OSU received the coveted Community Engagement Classification in 2010 from the Carnegie Foundation for the Advancement of Teaching, in recognition of our campus-wide community engagement. OSU is reapplying for the voluntary classification, a multi-year endeavor. Co-chairs of the Carnegie reapplication working committee, Lynn Dierking and Julie Greenwood, joined Vice Provost Scott Reed for this month’s update. Click on the video to learn more.

What are your plans for the 4th of July and the rest of the summer? Share your comments below.

You heard it here first! OSU Extension Service and the College of Agricultural Sciences are presenting an event titled “Communities, Food, Resilience” in Portland, Oregon, on September 5, 2018.

Scott Reed’s guests, Lauren Gwin, associate director, Center for Small Farms & Community Food Systems, and Jennifer Alexander, director, Extension and Experiment Station Communications, talk about the important conversations that will take place at the event. Extension offices and Branch Experiment Stations will be encouraged to invite members of their communities to participate in the event via livestream at their locations. Look for more event details in upcoming email communications, the weekly ConnEXTion newsletter, and on the event website: Communities, Food, Resilience.

Comment below and share what your community gathering might look like and who you might invite to have a conversation about community food resiliency and the role of the land grant university.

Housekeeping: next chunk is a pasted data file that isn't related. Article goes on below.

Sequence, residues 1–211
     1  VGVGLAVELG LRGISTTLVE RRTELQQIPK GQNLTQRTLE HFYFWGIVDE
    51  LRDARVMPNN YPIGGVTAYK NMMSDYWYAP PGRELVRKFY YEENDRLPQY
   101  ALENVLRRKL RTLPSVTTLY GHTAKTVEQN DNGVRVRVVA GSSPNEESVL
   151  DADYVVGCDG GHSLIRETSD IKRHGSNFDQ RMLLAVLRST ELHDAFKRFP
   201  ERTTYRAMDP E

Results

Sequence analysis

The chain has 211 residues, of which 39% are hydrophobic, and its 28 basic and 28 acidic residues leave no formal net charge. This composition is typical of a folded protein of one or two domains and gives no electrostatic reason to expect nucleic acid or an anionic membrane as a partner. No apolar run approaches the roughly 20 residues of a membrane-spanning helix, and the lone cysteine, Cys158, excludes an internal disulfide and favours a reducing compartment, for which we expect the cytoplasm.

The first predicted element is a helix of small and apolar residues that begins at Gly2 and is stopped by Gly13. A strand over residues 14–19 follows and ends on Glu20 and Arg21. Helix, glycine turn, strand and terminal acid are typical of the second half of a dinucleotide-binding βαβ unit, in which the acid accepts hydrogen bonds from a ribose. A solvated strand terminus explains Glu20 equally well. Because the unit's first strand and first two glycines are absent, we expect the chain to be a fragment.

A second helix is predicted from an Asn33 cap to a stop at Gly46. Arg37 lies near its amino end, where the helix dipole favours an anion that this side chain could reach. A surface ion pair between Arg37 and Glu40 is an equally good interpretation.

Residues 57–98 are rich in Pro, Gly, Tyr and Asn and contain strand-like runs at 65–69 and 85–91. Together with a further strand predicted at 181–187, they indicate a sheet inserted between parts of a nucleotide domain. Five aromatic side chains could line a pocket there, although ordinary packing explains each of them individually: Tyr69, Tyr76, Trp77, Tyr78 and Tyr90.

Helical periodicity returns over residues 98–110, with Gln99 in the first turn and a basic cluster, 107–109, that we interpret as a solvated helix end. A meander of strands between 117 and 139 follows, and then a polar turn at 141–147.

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Community-engaged work versus community-based work and research is the topic of this month’s video. Joining Scott is Susana Rivera-Mills, vice provost for Academic Programs and Learning Innovation. Susana share’s her aha moment when she began to truly understand what community engagement really means and how that deeper understanding influences her leadership.

Doing research in communities is different from engaging communities in research. Please use the comment section of blog to tell us how your work has improved through the important concept of engagement.

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Co-creation and partnerships are tenets of outreach and engagement work. Tillamook County took co-creation and partnerships to a new level by participating in the Partners for Rural Innovation. Hayden Bush, Open Campus coordinator and Scott Reed’s guest in this month’s update, explains the difference the approach is making in the county.

Tell us about your partnerships and the gaps you are filling in your communities by commenting on this post.

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Andony Melathopoulos, pollinator health Extension specialist, joins Scott Reed to talk about the statewide Oregon Bee Project initiative. The diversity of the Pacific Northwest’s pollinator species may be unrivaled in the U.S. Led by OSU Extension, Oregon Department of Agriculture and Oregon Department of Forestry, the initiative takes a comprehensive look at the state’s bee population.

As Scott points out, pollinator health is the responsibility of all of us. Tell us what you are doing for pollinator health by commenting on the blog.